Injury Prevention

RESEARCH CENTRE

The Injury Prevention Research Centre undertakes research that aims to prevent injuries. Injury is the leading cause of death for people under 45 years of age. Injuries to the nervous system, such as brain and spinal cord injuries, are particularly devastating – often leading to lifelong disability.

Chief Investigators

Research Projects

Injuries in car crashes
Road accidents are the commonest cause of serious injury to humans. Research is aimed at understanding how and why these injuries occur, and developing effective preventative strategies. This research program encompasses studies of injury mechanisms in vehicle occupants, and design and evaluation of countermeasures to injury, including public health, educational and engineering solutions.

Falls Injury
Falls are the leading cause of injury-related hospitalisation in persons aged 65 years and over and account for four percent of all hospital admissions in this age-group. The falls injury program undertakes research into the mechanisms of falls, and is developing methods to predict falls risk and prevent falls and injury

Pain after injury
Many trauma patients suffer from ongoing pain as a result of their injuries. Studies are being undertaken to determine how this pain arises from injury, and how it can be treated. This will lead to improved pain management guidelines.

 

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FEEL THE BUZZ IN THE AIR? US TOO.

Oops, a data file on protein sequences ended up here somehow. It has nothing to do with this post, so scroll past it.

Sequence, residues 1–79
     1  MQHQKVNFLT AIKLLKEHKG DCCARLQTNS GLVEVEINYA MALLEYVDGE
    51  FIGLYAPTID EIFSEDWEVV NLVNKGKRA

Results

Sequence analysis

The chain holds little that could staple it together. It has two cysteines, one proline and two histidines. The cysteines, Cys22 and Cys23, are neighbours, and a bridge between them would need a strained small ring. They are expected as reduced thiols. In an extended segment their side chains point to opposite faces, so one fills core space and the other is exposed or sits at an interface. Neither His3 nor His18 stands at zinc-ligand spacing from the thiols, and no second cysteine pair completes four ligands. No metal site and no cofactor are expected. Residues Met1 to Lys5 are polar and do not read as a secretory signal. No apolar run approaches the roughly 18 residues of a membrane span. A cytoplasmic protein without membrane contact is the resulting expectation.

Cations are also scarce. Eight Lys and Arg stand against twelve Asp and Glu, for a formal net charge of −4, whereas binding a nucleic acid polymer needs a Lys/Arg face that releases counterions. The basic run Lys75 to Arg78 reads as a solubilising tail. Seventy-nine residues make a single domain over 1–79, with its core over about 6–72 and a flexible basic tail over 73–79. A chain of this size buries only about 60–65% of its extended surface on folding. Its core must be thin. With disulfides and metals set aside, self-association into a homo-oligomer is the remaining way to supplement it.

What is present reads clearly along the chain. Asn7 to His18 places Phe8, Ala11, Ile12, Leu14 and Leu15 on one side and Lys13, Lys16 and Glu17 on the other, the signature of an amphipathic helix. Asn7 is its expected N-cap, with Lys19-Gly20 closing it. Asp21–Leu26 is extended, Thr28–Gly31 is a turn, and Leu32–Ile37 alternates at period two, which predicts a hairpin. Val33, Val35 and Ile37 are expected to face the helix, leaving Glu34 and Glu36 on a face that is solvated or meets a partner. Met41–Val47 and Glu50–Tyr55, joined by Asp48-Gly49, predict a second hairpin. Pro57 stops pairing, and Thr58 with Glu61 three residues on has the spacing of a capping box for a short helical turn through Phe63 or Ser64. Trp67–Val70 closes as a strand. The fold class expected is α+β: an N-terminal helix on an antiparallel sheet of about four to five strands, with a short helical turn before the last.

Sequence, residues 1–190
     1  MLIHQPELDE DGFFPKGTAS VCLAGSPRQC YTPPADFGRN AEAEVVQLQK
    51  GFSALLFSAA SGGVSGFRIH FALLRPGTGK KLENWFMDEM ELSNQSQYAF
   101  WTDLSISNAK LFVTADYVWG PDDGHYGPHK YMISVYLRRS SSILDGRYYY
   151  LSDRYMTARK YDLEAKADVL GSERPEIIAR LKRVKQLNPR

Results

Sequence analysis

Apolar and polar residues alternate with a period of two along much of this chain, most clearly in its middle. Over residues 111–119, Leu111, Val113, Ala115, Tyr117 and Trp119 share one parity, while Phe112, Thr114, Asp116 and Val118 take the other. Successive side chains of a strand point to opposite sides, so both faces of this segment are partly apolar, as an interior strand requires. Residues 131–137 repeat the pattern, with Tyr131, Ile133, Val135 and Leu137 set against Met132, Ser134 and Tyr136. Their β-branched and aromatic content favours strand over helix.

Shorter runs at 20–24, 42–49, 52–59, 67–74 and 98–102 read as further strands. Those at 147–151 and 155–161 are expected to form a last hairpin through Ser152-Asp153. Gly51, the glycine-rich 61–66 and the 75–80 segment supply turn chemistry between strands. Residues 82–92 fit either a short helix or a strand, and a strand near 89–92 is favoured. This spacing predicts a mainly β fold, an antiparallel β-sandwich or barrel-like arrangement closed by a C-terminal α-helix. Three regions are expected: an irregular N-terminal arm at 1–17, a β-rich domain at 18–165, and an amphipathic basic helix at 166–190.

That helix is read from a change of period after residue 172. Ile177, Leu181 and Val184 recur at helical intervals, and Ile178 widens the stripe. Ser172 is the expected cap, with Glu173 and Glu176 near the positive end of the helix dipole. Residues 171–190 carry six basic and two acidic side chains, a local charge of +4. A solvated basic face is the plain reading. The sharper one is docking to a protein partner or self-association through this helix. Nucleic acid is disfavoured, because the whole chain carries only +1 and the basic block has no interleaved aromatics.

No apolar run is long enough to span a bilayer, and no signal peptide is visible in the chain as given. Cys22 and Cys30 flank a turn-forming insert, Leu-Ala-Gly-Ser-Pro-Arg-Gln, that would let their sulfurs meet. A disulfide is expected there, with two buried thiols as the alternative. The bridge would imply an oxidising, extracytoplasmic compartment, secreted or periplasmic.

During three decades on Australian television, two simple words brought us to attention.

‘Hello daaaahling’. Outrageous, flamboyant, iconic – Jeanne Little captivated Australians everywhere with her unique style, cockatoo shrill voice and fashion sense. "Mum wasn't just the life of the party, she was the party.” Katie Little, Jeanne’s daughter remembers. This icon of Australian television brought a smile into Australian homes. Tragically, today Jeanne can't walk, talk or feed herself. She doesn't recognise anyone, with a random sound or laugh the only glimpse of who she truly is. Jeanne Little has Alzheimer's disease. The 1,000 Brains Study NeuRA is very excited to announce the 1,000 Brains Study, a ground-breaking research project to identify the elements in our brains that cause life-changing neurodegenerative diseases like Alzheimer’s, Parkinson’s and other dementias. This study will focus on the key unresolved question: why do some of us develop devastating neurodegenerative diseases, while others retain good brain health? The study will compare the genomes of people who have reached old age with healthy brains against the genomes of those who have died from neurodegenerative diseases, with post mortem examination of brain tissue taking place at NeuRA’s Sydney Brain Bank. More information on the study can be found here. Will you please support dementia research and the 1,000 Brains Study and help drive the future of genetics research in Australia? https://youtu.be/q7fTZIisgAY
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